July 4, 2020: Fireworks in the Anchorage
In 1902, John Masefield said:
I must down to the seas again, to the lonely sea and the sky,
And all I ask is a tall ship and a star to steer her by;
And the wheel’s kick and the wind’s song and the white sail’s shaking,
And a grey mist on the sea’s face, and a grey dawn breaking.
I must down to the seas again, for the call of the running tide
Is a wild call and a clear call that may not be denied;
And all I ask is a windy day with the white clouds flying,
And the flung spray and the blown spume, and the sea-gulls crying.
I must down to the seas again, to the vagrant gypsy life,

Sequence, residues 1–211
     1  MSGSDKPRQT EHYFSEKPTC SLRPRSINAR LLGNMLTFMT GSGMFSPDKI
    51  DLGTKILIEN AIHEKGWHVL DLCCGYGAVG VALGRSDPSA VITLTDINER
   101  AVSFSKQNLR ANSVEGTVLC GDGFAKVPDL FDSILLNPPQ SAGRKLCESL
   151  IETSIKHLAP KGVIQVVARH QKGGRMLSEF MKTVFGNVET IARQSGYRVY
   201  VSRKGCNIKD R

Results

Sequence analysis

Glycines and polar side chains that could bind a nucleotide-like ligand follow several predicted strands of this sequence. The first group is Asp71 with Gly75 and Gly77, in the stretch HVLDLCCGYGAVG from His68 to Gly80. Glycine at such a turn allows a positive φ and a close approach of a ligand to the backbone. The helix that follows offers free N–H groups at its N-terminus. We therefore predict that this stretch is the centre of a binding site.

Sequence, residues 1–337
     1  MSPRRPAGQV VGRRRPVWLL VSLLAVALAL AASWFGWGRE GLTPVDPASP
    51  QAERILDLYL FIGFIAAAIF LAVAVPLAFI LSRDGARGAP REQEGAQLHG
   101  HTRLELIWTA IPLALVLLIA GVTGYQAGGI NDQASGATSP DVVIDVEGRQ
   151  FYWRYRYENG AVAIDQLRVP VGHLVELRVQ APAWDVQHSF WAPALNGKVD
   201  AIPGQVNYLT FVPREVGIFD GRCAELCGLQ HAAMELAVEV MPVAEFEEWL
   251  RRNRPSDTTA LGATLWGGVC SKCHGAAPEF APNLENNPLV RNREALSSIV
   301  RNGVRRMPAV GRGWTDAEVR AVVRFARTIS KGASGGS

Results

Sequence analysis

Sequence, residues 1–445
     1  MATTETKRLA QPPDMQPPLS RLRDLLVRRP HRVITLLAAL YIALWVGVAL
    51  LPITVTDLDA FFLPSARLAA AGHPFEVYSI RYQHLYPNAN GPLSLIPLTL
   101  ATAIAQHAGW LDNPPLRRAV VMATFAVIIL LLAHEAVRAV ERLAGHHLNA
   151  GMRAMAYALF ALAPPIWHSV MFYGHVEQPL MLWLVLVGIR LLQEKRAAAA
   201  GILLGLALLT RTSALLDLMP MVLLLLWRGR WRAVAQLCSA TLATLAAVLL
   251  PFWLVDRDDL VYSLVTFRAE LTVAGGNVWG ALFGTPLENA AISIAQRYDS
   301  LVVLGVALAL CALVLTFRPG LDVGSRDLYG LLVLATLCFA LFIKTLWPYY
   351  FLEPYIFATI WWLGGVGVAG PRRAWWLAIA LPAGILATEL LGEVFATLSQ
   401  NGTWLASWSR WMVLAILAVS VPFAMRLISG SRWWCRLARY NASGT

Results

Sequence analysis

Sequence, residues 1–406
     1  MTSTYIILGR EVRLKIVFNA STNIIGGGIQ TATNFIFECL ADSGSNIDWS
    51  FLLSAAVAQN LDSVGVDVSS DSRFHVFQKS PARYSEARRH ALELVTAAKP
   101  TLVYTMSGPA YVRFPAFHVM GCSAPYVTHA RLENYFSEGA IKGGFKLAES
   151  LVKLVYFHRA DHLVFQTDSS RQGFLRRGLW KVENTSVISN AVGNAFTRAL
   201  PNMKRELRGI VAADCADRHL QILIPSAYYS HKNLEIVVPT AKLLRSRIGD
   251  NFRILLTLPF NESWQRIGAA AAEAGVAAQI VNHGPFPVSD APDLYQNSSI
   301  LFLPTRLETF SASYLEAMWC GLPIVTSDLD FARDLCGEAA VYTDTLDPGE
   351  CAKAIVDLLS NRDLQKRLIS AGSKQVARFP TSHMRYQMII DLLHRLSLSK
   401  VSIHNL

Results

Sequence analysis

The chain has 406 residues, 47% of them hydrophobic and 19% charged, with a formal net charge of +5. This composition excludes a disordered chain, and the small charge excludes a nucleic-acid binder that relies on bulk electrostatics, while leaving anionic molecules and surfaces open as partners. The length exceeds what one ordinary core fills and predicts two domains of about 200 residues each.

To the gull’s way and the whale’s way where the wind’s like a whetted knife;
And all I ask is a merry yarn from a laughing fellow-rover,
And quiet sleep and a sweet dream when the long trick’s over.
Allegedly, Sir Robin Knox-Johnston, who made the first nonstop solo circumnavigation (from June 1968 to April 1969, as part of the Times Golden Globe Race), learned the poem as a kid and can recite it.
I’d simply add fireworks launched from the decks of gold-lit boats in an ink-dark anchorage, an ochre moon completely full, and three dolphins beneath the boat’s bow on the trip down. Then you’d have all you need.